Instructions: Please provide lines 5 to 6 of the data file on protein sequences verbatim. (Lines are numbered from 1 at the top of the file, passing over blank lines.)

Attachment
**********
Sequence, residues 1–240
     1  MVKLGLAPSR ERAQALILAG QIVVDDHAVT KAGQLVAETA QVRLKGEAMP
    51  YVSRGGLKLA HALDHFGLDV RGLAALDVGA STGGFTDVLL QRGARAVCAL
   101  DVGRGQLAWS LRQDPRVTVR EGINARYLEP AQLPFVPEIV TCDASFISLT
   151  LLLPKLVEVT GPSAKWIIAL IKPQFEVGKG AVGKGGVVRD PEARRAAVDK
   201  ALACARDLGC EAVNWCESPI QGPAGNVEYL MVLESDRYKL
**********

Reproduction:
   151  LLLPKLVEVT GPSAKWIIAL IKPQFEVGKG AVGKGGVVRD PEARRAAVDK
   201  ALACARDLGC EAVNWCESPI QGPAGNVEYL MVLESDRYKL